Here’s what I know as a substance abuse counselor, recovering alcoholic with 21 years of sobriety, sociologist, youth development researcher, parent and teen communication coach and mother of two awesome, powerful young adults who have navigated their way clear of generational alcoholism.

According to research and the experiences of many conscious parents, here are the top three things that parents can do to help prevent teen substance abuse.

1. Connection

Your heart-to-heart connection with your teen is the best protective factor against substance abuse. In other blog posts, I’ve shared ways to make connections via fun activities, teaching skills and helping through crisis. I’ve even shared how open-ended questions can facilitate a deeper connection.

2. Conscious Communication

Consciously communicating your heart with authenticity and vulnerability is one of the best ways to connect with your teen because it supports them to become their most authentic selves. (There are conscious communication skills to learn that help achieve deep levels of connection. I teach them in my Back on Track Parent and Teen Communication Program.)

But there is a third protective factor which springs from the integration of #1 and #2.

3. Be Present

While being physically present is foundational, the real difference occurs when we are emotionally present with our teens. Emotional presence prevents a myriad of risky behavior. “Showing up” to each interaction with our teens as emotionally clean and free as possible, in the moment is the true work of conscious parenting. What does that mean? It doesn’t mean be perfect. It means be aware and awake.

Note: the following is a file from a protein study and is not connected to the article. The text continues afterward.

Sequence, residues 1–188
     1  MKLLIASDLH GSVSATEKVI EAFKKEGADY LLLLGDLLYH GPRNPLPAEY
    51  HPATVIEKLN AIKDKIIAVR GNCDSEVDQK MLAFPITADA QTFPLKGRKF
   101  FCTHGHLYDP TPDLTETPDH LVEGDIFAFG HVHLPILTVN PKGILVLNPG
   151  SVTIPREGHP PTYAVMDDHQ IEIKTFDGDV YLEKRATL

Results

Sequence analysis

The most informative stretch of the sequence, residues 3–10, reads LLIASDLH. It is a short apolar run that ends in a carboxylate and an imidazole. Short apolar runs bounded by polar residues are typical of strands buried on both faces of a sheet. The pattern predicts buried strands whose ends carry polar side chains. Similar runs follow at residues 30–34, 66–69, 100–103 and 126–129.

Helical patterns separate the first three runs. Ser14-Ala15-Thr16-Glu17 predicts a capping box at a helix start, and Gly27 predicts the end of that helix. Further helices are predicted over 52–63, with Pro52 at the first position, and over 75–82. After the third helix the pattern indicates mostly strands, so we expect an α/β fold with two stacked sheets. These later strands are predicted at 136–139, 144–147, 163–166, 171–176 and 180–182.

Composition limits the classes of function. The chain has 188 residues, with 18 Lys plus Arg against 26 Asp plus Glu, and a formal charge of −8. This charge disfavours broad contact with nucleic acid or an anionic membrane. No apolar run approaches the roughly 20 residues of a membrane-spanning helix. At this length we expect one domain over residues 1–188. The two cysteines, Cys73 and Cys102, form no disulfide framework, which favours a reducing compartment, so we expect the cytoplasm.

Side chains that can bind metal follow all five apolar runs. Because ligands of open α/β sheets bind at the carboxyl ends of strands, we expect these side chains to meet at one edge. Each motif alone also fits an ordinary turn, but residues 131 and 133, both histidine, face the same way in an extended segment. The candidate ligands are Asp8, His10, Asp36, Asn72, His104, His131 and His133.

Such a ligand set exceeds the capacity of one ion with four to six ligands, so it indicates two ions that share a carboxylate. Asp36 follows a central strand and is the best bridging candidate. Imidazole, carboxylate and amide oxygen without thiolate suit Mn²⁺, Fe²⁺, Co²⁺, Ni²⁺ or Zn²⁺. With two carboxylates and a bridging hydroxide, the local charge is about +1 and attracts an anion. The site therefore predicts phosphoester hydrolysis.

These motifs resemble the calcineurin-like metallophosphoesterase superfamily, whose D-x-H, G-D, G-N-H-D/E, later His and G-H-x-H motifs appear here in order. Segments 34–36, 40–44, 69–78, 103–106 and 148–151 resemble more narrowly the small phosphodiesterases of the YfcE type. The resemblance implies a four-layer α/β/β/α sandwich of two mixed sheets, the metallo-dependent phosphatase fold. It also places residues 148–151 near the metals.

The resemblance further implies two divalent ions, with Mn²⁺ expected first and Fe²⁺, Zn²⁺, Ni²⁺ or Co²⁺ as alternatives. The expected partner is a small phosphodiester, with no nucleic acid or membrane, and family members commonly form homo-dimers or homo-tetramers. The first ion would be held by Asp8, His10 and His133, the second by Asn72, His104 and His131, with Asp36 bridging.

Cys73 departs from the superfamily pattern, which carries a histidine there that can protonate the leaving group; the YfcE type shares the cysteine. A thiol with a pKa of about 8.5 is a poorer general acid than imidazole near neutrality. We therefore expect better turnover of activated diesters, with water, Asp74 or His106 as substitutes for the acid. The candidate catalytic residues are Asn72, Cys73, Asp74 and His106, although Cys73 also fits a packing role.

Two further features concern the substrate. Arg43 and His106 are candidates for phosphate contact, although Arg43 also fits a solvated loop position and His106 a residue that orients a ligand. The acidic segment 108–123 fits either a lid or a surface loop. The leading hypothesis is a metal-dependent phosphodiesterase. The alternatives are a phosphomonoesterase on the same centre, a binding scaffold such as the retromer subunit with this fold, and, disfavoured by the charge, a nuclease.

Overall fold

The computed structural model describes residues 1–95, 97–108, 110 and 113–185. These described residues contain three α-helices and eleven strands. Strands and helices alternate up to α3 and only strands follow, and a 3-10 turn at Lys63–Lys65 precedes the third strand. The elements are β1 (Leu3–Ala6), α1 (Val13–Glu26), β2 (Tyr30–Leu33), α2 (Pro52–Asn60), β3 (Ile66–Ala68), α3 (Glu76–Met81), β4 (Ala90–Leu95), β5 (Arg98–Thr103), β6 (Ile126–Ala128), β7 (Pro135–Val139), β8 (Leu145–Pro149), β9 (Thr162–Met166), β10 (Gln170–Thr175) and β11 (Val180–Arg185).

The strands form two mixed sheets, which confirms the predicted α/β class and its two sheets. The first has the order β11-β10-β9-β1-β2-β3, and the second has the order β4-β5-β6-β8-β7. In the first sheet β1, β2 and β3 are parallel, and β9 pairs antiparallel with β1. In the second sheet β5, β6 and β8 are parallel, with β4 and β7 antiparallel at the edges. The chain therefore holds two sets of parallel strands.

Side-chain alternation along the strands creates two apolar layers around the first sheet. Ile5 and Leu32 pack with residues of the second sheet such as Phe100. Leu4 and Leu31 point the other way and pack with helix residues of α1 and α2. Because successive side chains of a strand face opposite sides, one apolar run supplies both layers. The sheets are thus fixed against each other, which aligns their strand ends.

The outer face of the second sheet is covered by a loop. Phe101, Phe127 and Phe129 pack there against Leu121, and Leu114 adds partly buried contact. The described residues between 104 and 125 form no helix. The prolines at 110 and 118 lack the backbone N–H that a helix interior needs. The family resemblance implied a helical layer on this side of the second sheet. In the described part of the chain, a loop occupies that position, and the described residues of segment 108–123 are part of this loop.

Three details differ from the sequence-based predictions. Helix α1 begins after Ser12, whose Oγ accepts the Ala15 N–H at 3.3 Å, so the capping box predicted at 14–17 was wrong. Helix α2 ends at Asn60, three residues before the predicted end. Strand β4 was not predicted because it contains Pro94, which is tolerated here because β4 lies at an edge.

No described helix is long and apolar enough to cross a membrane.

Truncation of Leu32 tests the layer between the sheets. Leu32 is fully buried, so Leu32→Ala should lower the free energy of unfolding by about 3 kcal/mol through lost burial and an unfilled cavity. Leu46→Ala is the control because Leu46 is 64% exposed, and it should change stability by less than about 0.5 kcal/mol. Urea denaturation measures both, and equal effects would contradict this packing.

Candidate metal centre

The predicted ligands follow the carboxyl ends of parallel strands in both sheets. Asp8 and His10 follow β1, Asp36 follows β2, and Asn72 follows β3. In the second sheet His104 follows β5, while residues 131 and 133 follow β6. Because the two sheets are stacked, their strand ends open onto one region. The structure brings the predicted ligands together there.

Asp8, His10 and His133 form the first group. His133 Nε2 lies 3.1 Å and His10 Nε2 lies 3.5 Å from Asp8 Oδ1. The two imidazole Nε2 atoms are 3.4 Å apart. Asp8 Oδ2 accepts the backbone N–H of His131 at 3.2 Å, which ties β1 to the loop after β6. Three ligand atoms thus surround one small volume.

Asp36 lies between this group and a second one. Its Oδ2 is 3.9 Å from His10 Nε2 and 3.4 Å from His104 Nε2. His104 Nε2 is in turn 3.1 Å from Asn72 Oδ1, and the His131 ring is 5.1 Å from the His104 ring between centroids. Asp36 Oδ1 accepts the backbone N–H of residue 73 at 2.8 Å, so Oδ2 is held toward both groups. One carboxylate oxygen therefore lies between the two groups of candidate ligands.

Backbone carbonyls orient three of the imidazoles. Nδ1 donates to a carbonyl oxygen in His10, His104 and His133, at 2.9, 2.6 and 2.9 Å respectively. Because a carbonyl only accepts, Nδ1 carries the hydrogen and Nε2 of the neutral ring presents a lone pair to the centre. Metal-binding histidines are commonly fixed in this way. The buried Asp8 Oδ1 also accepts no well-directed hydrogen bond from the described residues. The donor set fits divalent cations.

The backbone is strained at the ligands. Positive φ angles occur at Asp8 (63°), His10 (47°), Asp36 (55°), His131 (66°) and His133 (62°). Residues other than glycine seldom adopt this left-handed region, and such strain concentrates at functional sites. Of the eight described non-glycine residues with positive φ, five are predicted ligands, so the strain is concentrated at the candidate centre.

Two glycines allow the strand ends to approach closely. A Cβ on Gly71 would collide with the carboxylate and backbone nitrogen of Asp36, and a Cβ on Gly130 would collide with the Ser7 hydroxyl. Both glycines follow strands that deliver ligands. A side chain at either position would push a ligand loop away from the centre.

Example: As parents work their way through my Back on Track Parent and Teen Communication Program, they bump into what triggers them. A “trigger” is any feeling and possibly behavior that comes up when interacting with our teen that takes us away from the present moment and the current reality with our teen.

When we ask our teen to take the trash out and they delay finishing their video game before doing it, we may become angry – not because they didn’t ask how high when we said jump but because in that moment, we are feeling all the time that we didn’t feel heard as a child and teen ourselves. We may not consciously be aware that we are loading the present moment with our past emotions and experiences, but as we come to a greater awareness and appreciation for our beloved teen, the sovereign being in front of us, we may see our reactions are not responses to the present moment.

Here we have an opportunity to grow.

Exploring childhood triggers and reparenting our inner child helps us be present with our own teens. This is a large part of conscious parenting. In my Journey to Freedom Program for Parents Reparenting themselves to heal co-dependent tendencies, I’ve added to the inner work of conscious parenting to include the exploration of families of origin. Many of us attracted to this exploration grew up with an absent or inattentive parent who was alcoholic, addicted or mentally ill. That caused a cluster of issues for us in childhood and adolescence that carry over to codependent tendencies with our teens. For example, we may find we are seeking the approval and validation from our teens.

The good news is, it is possible to free ourselves and them! But how, do we achieve this freedom for ourselves and our teens?

I have found the spiritual path of the 12 Steps of Recovery to be incredibly helpful in this process. To learn more, download 12 Steps to Parenting Teens

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